Efficiency in the Domesday economy, 1086: evidence from Wiltshire estates
AbstractIt may surprise some readers that frontier methods such as Data Envelopment Analysis (DEA) can be used to assess the productive efficiency of the estates of eleventh century England. This is possible because in 1086, William the Conqueror carried out a comprehensive survey (the Domesday Survey) of lands he invaded 20 years earlier. The survey provides high-quality data on the inputs and outputs of most manors in England. A previous analysis of the data for Essex estates indicated that the average efficiency of the Domesday agricultural economy was comparable to, if not higher than that for more modern economies, that some tenants-in-chief displayed significantly more entrepreneurial flair than others, and that the geographical location, the size of the estate and the arable/livestock mix all significantly affected estate efficiency. In this article, analysis of a second Domesday county, Wiltshire, confirms the general results for Essex, but indicates some differences in the factors affecting estate efficiency.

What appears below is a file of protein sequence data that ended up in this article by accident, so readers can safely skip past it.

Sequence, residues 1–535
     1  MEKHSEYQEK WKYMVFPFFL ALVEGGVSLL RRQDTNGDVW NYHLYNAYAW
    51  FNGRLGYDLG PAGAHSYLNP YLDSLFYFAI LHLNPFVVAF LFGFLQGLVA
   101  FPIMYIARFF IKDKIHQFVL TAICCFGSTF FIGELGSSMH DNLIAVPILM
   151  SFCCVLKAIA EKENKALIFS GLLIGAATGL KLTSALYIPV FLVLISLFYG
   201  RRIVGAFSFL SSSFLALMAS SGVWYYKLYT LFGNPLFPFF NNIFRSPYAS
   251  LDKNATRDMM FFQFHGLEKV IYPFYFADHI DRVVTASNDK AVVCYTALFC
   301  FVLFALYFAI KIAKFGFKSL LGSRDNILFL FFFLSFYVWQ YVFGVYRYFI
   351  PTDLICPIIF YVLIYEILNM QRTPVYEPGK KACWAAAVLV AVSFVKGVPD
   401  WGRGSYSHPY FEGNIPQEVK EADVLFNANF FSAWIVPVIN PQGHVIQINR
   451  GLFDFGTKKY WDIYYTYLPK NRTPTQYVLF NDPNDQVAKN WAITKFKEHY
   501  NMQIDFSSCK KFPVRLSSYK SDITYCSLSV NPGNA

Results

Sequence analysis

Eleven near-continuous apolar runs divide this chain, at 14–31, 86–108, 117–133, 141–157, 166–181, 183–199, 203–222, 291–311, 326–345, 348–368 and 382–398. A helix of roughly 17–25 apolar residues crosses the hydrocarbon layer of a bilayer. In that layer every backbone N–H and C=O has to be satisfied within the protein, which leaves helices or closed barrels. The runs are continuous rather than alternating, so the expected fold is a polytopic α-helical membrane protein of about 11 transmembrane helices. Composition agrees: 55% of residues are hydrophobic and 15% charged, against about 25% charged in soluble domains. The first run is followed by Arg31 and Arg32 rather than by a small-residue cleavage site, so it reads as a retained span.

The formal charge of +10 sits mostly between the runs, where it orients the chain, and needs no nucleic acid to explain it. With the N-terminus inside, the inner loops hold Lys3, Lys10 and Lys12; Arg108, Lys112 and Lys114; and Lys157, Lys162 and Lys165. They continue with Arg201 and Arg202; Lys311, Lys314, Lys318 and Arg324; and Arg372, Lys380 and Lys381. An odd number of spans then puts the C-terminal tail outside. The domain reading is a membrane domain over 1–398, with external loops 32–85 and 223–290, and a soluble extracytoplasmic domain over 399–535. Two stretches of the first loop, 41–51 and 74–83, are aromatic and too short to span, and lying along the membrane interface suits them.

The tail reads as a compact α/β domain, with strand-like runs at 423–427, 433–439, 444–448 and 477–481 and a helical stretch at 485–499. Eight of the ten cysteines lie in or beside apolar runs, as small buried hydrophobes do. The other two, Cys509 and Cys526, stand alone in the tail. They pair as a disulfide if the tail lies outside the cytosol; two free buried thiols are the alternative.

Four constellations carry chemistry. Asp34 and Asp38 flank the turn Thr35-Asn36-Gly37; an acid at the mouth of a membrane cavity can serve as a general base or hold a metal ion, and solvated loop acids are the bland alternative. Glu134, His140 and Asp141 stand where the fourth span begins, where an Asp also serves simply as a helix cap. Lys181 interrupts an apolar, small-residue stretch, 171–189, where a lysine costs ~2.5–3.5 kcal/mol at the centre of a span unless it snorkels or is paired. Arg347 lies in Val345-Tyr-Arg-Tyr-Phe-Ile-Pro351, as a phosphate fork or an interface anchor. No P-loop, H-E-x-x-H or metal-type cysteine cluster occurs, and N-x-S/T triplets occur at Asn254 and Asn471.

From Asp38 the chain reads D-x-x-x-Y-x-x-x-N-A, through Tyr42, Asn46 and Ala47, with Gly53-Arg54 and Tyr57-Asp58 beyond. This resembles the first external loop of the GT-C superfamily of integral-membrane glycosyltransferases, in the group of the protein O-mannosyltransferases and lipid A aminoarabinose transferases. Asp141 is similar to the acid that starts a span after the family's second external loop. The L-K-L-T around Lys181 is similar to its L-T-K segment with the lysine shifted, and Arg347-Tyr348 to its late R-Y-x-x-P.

Download InfoIf you experience problems downloading a file, check if you have the proper application to view it first. In case of further problems read the IDEAS help page. Note that these files are not on the IDEAS site. Please be patient as the files may be large.
Bibliographic InfoArticle provided by Taylor & Francis Journals in its journal Applied Economics.
Volume (Year): 42 (2010)
Issue (Month): 25 ()
Contact details of provider:
Web page: http://www.tandfonline.com/RAEC20
You can help add them by filling out this form.
reading list or among the top items on IDEAS.Access and download statisticsgeneral information about how to correct material in RePEc.
For technical questions regarding this item, or to correct its authors, title, abstract, bibliographic or download information, contact: (Michael McNulty).
If references are entirely missing, you can add them using this form.